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TV Legend Norman Lear Wows at NATPE

by Cathy Corcoran

When Norman Lear walked onstage to a standing ovation in the Fontaine Ballroom on Tuesday, the NATPE keynote speaker was wearing his hat. 


"I've always been obsessed with longevity," the 92-year-old icon said. "In my earlier years I thought that washing my hair every day might lead to long life, so I poured on the shampoo.


“But all that washing might have lead to your losing your hair,” said moderator Phil Rosenthal (creator of Everybody Loves Raymond).


“That’s okay,” countered Lear, doffing the hat to reveal a shiny bald dome. “That's why I always wear my hat.”


Lear lead the packed audience through a laugh-filled 45 minutes with reminiscences from his days with All in the Family, to battles with network execs, to his new book—Even This, I Get to Experience—to his plans for a new TV show.


Moderator Rosenthall said that when All in the Family debuted in 1971, he was a 10-year-old boy glued to the tube every Saturday night watching the show. Lear laughed imagining that. "Before All in the Family, shows like Petticoat Junction, The Beverly Hillbillies and Green Acres dominated the three networkk, and they were the only game in town," he said. "The biggest problem these TV families faced was the boss unexpectedly showing up for dinner, or mom trying to hide the dented car from dad."


Meanwhile in the real world, students were marching in the streets and raging controversy over the Vietnam war was dividing families along generational lines. Lear wanted to do a show with a TV family dealing with challenges that real American families were dealing with—the war, racism, homosexuality, menopause, breast cancer and the intergenerational conflicts immortalized by Archie and Edith Bunker, their daughter Gloria, and her husband, Michael, aka “Meathead.”


“The network guys didn’t know what to make of us,” he said.

They weren’t the only ones. Lear held a prominent place on Richard Nixon’s enemies’ list, and is proud that Nixon can be heard (on the infamous secret audio tapes aired in the Watergate hearings) complaining that he couldn’t understand why All in the Family wanted to “... make a horse’s ass out of a real good guy like Archie Bunker."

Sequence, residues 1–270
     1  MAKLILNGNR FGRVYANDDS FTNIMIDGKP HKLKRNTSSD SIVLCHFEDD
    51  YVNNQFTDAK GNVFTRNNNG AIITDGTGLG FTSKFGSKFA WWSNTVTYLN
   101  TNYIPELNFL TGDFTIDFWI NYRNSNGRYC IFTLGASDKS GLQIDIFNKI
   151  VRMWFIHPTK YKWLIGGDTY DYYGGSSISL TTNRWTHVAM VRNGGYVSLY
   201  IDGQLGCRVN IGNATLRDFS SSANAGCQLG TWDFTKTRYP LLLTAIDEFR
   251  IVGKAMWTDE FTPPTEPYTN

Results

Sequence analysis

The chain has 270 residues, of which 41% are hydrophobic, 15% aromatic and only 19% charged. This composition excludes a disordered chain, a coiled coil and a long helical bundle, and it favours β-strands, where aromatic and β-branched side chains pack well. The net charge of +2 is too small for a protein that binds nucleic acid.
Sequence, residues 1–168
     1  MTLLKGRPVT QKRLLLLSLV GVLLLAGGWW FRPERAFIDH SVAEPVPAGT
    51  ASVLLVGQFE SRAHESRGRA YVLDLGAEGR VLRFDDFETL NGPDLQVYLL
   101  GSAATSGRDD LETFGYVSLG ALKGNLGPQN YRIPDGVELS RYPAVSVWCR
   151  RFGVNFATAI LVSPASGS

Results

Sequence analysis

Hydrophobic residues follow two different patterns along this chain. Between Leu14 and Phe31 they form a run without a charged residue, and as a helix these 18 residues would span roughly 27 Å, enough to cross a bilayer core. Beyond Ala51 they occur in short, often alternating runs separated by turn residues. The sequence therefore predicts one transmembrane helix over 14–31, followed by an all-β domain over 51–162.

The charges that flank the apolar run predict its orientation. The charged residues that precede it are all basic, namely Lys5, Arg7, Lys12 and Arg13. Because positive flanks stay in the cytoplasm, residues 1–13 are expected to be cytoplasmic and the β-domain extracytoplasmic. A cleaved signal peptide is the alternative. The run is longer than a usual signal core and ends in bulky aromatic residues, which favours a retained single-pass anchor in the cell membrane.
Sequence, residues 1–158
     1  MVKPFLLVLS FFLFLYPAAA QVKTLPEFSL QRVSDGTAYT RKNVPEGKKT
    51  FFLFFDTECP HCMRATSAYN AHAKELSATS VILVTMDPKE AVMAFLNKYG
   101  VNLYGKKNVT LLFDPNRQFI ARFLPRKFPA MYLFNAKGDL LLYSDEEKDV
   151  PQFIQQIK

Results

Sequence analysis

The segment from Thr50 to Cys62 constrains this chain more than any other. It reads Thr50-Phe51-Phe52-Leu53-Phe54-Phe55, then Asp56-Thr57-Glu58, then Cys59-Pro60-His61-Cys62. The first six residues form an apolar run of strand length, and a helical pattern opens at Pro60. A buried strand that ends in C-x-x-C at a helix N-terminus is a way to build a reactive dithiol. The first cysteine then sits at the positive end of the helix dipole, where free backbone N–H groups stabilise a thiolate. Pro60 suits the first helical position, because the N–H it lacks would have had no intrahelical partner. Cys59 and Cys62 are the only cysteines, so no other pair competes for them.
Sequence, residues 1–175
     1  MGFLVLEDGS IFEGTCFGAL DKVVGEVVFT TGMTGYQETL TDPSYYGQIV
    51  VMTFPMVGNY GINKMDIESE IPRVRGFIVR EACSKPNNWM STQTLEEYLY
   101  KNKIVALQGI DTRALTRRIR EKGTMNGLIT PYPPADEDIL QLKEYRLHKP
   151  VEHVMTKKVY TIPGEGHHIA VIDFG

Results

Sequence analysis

After All in the Family, Lear went on to create and produce hits like Sanford and Son, Mary Hartman Mary Hartman, Maude, and others.


Now, he has an idea for a new show, He'd shoot it with three or four cameras in front of a live audience, but, he says, he can’t get it on the air.


What? Norman Lear can’t get a show on the air? Apparently not.

In addition to the networks, the 113 cable networks, and 32,800 hours of primetime content, Lear says, “How come no one is interested in old people?”


His new show is funny, he says. “It can reflect what’s going on in our world through the eyes of older and wiser characters, but no one cares about them.”


“People over 60 are the largest demo and the fastest-growing one...And we have the most disposable income, too,” Lear said.

“So what are we gonna do?” he shrugged. “Sit around and complain all day?”


Not Norman Lear. He says everyone should carry two pieces of paper in his or her pocket. “The first one should say, ‘I am but dust and ashes.” But before the audience can get depressed about that, he adds. “The second piece of paper should say, ‘Isn’t it great to get up in the morning?’”

It is if you’re Norman Lear.


Lear’s new book, Even This I Get to Experience is published by Penguin Press.

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